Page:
shaleThe IoD report envisaged a potential £3.7bn investment in UK shale and the Government is now looking to use the Business Rates regime to channel some of this locally to overcome public resistance to fracking.

The benefits for a 12-well site could be worth up to £1.7 million to the local authority responsible for collecting rates – 140% of East Lindsey District Council’s  total Environment budget or 100% of its 2013-14 budget cuts

Critics will point to the reported cost of policing Cuadrilla’s Balcombe operations last summer and uncertainties about how (and when) rates valuations will take place.

Community Benefits Still in Doubt

The missing link in the community benefits remains the lack of a clear mechanism for getting these resources down to the level where they will deliver tangible benefits and persuade local people that development can bring worthwhile investment – see our blogs on Community Interest Companies (CICs). Business Rates Retention will not benefit the (County) Minerals Planning Authorities who will determine fracking applications.  The clouding of roles feared by some is therefore unlikely to arise in practice but the money will not be a ‘Local Finance Consideration‘ for planning approval purposes unless the local authority commits itself to spending the retained rates on something with a clear planning relationship to the fracking project.

Where decision-making is co-ordinated in this way, there are some real benefits to weigh in the planning balance. It would be possible for the Government to structure the Business Rates Retention amendments so that the extra 50% (or a part of it) must be passed to a CIC or Neighbourhood Planning body (i.e. a Parish Council or Neighbourhood Forum).

Community Funds

The UK Onshore Operators’ Group has now launched its proposals for securing community benefits, which will rely on the national charitable trust UK Community Foundations to deliver £100,000 for local benefits where planning consent is granted and exploratory drilling starts.  Local priorities will be set following consultation and a local panel will be appointed to decide how the funds are spent.  It is good to see the model for local benefits being worked up, but it remains to be seen how the 1% of profits promised by the UKOOG and Government will be calculated and paid and whether the use of a national charity structure will give the level of flexibility that CICs could offer, in using community benefits to go beyond mitigation projects to wider not-for-profit and social enterprise roles.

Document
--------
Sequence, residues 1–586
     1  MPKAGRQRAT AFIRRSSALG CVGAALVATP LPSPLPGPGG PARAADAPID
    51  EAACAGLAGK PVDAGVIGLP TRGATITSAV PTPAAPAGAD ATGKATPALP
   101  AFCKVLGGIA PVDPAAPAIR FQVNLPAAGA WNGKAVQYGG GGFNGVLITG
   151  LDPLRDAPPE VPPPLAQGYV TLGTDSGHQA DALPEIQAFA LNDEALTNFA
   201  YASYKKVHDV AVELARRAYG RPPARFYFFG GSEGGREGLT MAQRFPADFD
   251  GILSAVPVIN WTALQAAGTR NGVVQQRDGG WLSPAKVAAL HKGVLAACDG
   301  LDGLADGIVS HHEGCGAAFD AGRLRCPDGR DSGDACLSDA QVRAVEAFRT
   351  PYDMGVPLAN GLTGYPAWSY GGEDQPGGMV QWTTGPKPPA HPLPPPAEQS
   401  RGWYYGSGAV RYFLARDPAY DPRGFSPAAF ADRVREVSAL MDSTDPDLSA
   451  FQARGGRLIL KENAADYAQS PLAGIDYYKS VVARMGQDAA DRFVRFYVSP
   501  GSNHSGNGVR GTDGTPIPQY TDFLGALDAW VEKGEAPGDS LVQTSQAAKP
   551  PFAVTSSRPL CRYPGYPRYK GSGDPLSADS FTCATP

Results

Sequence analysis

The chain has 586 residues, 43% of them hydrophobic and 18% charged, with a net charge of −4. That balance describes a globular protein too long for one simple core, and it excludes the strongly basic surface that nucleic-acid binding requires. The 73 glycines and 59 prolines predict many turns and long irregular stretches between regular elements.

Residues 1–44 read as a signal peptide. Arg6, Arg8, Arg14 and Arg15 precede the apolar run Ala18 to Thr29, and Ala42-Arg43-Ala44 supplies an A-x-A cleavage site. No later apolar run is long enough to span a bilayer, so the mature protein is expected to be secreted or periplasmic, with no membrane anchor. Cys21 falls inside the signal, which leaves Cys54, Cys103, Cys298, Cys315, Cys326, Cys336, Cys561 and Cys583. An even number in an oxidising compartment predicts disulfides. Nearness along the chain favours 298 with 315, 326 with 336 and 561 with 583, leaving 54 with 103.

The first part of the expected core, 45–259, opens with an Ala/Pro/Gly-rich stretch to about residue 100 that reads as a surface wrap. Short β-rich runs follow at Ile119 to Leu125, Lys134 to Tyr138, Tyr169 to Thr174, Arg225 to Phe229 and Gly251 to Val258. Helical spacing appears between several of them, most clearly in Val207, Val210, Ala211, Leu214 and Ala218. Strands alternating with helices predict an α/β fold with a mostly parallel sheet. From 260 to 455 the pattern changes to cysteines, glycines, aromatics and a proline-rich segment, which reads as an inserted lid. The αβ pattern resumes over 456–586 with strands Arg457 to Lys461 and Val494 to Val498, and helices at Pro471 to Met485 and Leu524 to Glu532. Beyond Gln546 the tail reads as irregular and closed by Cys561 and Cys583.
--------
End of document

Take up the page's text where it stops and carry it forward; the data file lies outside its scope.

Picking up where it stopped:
Unspent 106 monies

Freedom of information requests made by the BBC suggest that local authorities in England are holding £1.5bn of unspent section 106 contributions, with £421m of those funds not allocated to any future schemes.  The BBC’s investigations indicate that over the past 5 years £9.8m of unspent section 106 contributions had been returned to developers, a relatively modest amount given the extent of the section 106 funds sitting in council’s accounts.  In response to these findings Nick Boles issued a statement saying many people would be surprised that Councils are “hoarding millions of pounds” and that councils “should not be pocketing the cash”.  He added that in many cases councils “could also risk losing the money and be forced to pay it back if unspent within a set time frame”.   Is Mr Boles right?  Can councils be forced to pay back unspent section 106 contributions?

Potentially yes would be the answer.  In the case of Hampshire County Council v Beazer Homes Ltd [2010] EWHC 3095  a section 106 agreement in connection with a major mixed use development project required the developer, Beazer Homes, to make financial contributions towards the cost of various highway works, including traffic management measures and the construction of the Fleet Inner Relief Road. At the time the section 106 agreement was negotiated the parties were alive to the potential that the Council might decide not to build the Fleet Inner Relief Road.  The agreement provided for this by way of a refund of any monies which were unexpended after the completion of the Relief Road or any schemes undertaken as an alternative.  Beazer Homes argued that a similar term should be implied into the agreement obliging the Council was to account for the cost of the proposed traffic management works and refund any excess contribution.